- What is it?
A process through which faculty determine what students
should know at the end of a course/program/major/minor, and then measure
whether or not students have gained the knowledge, skills and abilities
that faculty had identified."Rather than disconnected from content
and teaching, assessment becomes the means fof ascertaining what and
how well students achieve what faculty members intend them to achieve.
(Peggy Maki, 2002 AAHE Bulletin)
- Who specifies the student learning outcomes to be achieved?
The faculty in the discipline, always.
- Who determines what assessment tools will be used to assess whether
students have achieved the student learning outcomes created by the
The faculty, always. There are resource people on campus,
books, journals,and websites that can assist in this process.
- What types of learning outcomes assessment tools are there?
There are many designs and formats that can be used.
Some take the form of student portfolios, others use pre- and post-
tests. Some departments require a senior capstone course so that
students have a formal opportunity to integrate their learning and
design projects or papers to demonstrate mastery of the knowledge,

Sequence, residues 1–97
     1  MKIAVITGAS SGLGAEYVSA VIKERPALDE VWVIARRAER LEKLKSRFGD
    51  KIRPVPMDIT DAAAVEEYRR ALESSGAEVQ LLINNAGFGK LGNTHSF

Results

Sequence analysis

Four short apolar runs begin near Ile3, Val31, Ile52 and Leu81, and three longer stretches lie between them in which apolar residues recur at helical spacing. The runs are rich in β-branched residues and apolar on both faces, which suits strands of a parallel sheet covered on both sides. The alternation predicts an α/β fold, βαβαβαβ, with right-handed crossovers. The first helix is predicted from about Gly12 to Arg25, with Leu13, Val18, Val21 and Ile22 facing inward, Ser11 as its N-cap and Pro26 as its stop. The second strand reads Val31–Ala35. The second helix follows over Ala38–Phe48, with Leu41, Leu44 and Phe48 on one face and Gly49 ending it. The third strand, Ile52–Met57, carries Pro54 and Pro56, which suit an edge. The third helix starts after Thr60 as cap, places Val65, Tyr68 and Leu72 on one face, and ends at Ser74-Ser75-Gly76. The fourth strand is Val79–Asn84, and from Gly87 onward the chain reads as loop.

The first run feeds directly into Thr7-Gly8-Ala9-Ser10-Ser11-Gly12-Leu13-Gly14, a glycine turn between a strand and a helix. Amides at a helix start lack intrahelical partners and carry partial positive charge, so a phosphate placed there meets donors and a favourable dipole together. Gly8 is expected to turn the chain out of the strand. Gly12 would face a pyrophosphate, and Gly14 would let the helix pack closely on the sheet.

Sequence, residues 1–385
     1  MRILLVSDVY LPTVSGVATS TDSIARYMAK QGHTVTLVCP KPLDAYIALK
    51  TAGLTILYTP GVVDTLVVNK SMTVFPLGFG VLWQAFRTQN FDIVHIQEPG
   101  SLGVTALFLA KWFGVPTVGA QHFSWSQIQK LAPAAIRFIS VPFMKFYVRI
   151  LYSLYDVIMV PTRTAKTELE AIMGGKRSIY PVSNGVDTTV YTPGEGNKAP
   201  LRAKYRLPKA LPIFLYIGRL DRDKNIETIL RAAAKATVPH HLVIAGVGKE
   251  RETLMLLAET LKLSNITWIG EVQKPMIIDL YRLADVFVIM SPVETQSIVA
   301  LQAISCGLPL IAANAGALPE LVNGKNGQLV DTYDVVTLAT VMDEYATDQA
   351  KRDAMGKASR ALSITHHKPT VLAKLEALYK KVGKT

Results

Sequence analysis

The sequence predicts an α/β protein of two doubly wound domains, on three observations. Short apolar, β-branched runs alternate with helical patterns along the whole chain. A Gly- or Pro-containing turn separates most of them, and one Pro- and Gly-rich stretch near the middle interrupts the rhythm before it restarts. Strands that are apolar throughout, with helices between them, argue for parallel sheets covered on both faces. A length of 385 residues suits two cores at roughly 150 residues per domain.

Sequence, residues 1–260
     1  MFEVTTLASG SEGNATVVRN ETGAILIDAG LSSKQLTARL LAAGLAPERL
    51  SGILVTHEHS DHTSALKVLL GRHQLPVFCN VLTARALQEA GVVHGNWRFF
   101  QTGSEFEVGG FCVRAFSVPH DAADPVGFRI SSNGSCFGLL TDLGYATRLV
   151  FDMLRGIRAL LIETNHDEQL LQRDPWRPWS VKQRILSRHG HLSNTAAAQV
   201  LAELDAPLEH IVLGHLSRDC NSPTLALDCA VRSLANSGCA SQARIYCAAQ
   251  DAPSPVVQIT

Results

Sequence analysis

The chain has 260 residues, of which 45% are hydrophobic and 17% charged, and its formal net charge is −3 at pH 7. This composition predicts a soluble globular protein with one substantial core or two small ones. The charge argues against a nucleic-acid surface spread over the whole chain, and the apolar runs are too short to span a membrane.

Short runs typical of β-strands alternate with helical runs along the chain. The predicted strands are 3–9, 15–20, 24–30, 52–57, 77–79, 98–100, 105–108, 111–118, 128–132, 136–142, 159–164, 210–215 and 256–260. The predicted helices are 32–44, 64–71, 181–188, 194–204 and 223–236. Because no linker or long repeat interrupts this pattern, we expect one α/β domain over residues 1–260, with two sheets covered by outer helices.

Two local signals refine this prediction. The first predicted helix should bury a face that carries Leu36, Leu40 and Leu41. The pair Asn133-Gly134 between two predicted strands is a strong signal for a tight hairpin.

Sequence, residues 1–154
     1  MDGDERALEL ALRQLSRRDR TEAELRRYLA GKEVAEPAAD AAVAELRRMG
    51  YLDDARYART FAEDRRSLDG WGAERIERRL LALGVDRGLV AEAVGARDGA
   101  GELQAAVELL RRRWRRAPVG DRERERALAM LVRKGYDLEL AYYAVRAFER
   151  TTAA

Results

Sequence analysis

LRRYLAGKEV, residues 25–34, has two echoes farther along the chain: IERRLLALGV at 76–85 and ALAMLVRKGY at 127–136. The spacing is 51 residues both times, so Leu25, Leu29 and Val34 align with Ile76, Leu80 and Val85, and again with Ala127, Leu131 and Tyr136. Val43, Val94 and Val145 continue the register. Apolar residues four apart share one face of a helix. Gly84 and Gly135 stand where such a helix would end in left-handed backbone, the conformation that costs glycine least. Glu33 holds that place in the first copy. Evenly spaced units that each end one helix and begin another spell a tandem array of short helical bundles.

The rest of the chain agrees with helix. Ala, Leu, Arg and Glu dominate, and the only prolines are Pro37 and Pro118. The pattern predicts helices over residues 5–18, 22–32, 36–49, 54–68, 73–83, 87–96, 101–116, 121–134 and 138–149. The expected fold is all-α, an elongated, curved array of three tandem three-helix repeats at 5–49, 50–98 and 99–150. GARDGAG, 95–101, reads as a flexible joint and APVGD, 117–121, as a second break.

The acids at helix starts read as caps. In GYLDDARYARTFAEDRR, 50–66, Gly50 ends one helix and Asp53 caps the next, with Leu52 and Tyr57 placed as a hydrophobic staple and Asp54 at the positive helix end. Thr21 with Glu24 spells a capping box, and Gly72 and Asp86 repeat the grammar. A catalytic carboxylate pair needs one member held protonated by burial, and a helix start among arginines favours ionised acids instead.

skills and abilities required of their major and program.Information
regarding how to choose and how to design assessment tools to meet
your discipline specific needs will be shared in department meeting
in the workshops sponsored by NEIU's Center for Teaching and Learning.
In addition, the CTL will provide information regarding how to design
and/or refine assessment plans to make use of these tools as well
as other data.
- Why is it important that we engage in Learning Outcomes Assessment
- Research shows that implementation of learning outcomes plans
improves student learning (See "Learning Outcomes Assessment
- The Illinois Board of Higher Education and out accrediting body,
the North Central Association, require that we show that we assess
student learning and modify our programs as needed to improve
Leaning Outcomes Assessment Benefits
- Learning Outcomes Assessment (LOA) provides the instructor with
valuable information needed to shape and refine instructional goals
and objectives; content, pedagogy and emphases to increase student
learning and achieve positive learning outcomes.
- LOA provides an opportunity for both instructors and students to
be more reflective about teaching and learning.
- LOA empowers instructor and students to contribute more fully to
teaching and learning processes, resulting in:
- deeper learning
- greater student retention
- enhanced faculty-student relationships, and
- generally more positive outcomes for faculty and the institution
Key Point: Learning Outcomes Assessment is integral to high quality
- Assessment drives student learning - our assessment tools tell
students what we consider important.
- Used in a systematic way as part of a "feedback mechanism
or loop," learning outcomes assessment data help faculty make